TORONTO - From the time of Toronto FC's inception in Major League Soccer in 2007 to when he was fired last week, Mo Johnston was the face of the franchise in several facets.
As the organization's first coach, Johnston's task was to guide the young club through the pitfalls of a first season and build for the future.
The results were mixed. With only six wins in 30 games, the club under Johnston was less than competitive. TFC experienced long stretches of ineptitude in front of the opponent's goal, allowing them to break two unflattering MLS record for the longest goal-less streak at 824 minutes and the longest goal- less streak to begin the season at 558 minutes.
Such results on other teams would have culminated in the axing of the club's manager.
In this case, however, quite the opposite happened. Not only was Johnston kept on as the coach, he was promoted to Director of Football Operations for the TFC.
The former Celtic player quickly installed John Carver as Toronto's new manager for the 2008 season (Carver resigned in April of 2009), and began to gain the reputation as 'Trader Mo' due to his penchant for making trades with other MLS clubs.
Acquiring Canadian players was also something Johnston had a knack for. During his tenure, he was able to bring in the likes of Jim Brennan, Adrian Serioux, Julian De Guzman and Dwayne De Rosario to make the club more appealing to watch on a national level.
With each passing year, expectations of the club's future grew amongst the staunch supporters of the franchise.
Positive results, though, were hard to come by and year after year household changes were made by Johnston with little success.
While Johnston was able to uncover a folk hero in England's Danny Dichio early in the club's existence, the same couldn't be said for international players. The likes of Laurent Robert, Rohan Ricketts and Collin Samuel proved to be unequivocal failures.
Toronto FC's defense has been nothing but a revolving door every season.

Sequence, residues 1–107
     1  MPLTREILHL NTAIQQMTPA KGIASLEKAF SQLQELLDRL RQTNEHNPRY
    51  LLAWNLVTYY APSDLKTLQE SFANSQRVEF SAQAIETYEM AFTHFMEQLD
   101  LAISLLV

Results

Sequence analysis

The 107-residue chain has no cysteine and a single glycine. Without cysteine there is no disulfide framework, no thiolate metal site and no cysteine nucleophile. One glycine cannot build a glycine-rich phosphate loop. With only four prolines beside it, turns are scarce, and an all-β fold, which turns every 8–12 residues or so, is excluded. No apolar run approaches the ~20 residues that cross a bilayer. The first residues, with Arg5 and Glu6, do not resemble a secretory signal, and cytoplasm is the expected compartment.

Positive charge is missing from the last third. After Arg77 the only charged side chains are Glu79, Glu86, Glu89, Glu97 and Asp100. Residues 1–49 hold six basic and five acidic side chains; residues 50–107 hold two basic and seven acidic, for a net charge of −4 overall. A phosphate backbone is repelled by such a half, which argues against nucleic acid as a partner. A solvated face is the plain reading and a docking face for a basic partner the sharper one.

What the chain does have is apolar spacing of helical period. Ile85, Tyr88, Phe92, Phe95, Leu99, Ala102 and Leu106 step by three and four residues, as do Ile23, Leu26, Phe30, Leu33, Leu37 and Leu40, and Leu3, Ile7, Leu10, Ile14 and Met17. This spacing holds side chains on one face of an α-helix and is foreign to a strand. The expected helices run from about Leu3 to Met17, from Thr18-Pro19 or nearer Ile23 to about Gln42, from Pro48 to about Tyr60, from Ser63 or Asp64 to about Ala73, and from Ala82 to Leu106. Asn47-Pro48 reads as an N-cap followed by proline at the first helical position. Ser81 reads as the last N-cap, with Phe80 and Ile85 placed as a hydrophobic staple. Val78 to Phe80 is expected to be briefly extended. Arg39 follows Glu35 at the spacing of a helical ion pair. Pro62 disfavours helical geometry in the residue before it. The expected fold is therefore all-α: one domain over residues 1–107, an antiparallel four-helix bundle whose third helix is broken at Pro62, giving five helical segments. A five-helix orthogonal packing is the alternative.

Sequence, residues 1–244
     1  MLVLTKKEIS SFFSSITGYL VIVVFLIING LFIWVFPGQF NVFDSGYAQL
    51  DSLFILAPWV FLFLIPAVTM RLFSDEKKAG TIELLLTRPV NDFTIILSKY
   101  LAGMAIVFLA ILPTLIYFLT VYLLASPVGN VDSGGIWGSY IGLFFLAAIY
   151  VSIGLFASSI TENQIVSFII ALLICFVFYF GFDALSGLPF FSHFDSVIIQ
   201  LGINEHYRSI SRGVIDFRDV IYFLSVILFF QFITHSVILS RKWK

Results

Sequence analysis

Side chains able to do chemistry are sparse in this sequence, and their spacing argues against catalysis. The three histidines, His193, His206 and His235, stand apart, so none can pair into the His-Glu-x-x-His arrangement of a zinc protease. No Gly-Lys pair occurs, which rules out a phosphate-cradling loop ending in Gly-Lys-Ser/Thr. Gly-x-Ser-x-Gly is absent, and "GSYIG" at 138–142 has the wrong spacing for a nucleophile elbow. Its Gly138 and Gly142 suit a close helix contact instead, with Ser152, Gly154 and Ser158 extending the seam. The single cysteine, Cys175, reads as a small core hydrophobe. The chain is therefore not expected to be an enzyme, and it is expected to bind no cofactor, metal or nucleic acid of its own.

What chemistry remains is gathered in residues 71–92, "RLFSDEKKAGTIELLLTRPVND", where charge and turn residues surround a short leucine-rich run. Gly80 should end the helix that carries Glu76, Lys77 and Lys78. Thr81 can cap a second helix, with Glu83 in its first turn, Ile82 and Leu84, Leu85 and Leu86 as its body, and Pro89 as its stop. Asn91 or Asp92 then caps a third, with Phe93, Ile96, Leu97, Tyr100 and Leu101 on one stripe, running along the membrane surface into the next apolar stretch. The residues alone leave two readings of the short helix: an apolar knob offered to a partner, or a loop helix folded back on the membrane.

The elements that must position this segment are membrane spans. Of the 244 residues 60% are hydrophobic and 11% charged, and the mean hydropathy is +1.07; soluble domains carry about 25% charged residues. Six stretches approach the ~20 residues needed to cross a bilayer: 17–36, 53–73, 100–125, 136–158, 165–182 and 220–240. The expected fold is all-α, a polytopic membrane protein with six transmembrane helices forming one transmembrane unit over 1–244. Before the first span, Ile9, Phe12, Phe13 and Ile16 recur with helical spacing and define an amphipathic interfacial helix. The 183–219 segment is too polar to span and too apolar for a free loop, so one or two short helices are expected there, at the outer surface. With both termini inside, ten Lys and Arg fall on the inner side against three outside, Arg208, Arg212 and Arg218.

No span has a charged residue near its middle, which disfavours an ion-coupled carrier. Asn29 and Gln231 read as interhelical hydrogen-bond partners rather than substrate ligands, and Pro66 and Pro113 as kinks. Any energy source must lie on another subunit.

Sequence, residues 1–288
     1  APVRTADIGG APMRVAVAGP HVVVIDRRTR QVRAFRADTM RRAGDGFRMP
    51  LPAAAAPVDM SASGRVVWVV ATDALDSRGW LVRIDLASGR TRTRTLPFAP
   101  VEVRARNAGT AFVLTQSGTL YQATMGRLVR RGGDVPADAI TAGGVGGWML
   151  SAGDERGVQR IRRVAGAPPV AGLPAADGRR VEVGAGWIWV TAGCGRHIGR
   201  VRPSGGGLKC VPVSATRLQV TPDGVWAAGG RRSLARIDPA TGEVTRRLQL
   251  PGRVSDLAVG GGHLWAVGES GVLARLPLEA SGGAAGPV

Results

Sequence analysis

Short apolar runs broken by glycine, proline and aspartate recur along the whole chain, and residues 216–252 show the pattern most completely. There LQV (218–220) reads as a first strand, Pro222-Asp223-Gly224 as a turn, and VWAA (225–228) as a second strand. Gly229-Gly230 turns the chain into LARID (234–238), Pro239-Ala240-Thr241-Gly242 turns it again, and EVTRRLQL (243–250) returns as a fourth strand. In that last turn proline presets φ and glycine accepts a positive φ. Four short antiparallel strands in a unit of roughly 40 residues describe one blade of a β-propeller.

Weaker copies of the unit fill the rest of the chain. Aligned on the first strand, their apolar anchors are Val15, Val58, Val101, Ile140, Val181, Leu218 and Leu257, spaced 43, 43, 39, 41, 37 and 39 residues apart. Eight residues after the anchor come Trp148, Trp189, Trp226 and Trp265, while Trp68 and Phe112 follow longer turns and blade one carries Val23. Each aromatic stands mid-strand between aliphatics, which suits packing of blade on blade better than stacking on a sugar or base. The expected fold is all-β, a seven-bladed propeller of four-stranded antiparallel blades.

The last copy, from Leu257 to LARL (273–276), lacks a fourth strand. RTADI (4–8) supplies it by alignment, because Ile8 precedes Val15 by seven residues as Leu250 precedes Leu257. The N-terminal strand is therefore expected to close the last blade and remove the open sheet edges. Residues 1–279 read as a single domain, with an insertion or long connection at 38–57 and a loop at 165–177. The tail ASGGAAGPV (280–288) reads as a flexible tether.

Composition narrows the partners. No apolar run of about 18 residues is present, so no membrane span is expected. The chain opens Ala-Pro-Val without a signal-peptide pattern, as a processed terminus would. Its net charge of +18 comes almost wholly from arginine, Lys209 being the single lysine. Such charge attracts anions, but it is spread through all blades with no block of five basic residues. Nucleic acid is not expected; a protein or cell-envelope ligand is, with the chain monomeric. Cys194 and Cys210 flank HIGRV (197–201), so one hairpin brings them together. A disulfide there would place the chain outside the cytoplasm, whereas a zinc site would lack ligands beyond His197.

These consistency issues seemed to hit a breaking point after a 1-0 home loss this season to last-place DC United, which prompted Maple Leafs Sports and Entertainment executive Tom Anselmi to finally relieve Johnston and current coach Preki Radosavljevic of their duties on September 14.
Whether or not the current club manages to make the playoffs this season, whoever takes over the position as Director of Football Operations will need to learn from Johnston's mistakes.
Though a great admirer of Canadian talent, Johnston was never able to acquire players of great international pedigree like other clubs. Teams such as New York and Chicago have been able to bring in the likes of Brian McBride, Thierry Henry and Rafael Marquez, all of whom had accomplished careers in Europe and in McBride's case, was one of the United States' greatest players ever.
Johnston's bigger transactions seemed focused on acquiring top-notch Canadian talent and gambling on fringe European players to steer the sinking Toronto FC ship.
A perfect example of that was the signing of Mista, who had been on a steady decline in the Spanish La Liga since 2006. While the former Deportivo La Coruna player had his moments early in his career, he was never considered a legitimate star player in the Spanish League.
His current performances for TFC have been lacking, to say the least, and he may soon join the likes of Robert, Ricketts and Samuel as MLS failures.
With Johnston no longer in charge of the day-to-day operations of the club, the door is open for a new philosophy to come to the forefront, one not solely based on bringing in the best Canadian talent available, but rather building a team capable of competing with the best the MLS has to offer.
Indeed, TFC - much like the two other major sports franchises owned by MLSE - find themselves at a crossroads, one that could lead them to prosperity or into even greater depths of despair.
One thing is clear though, the opportunity is there. Now, it's about execution.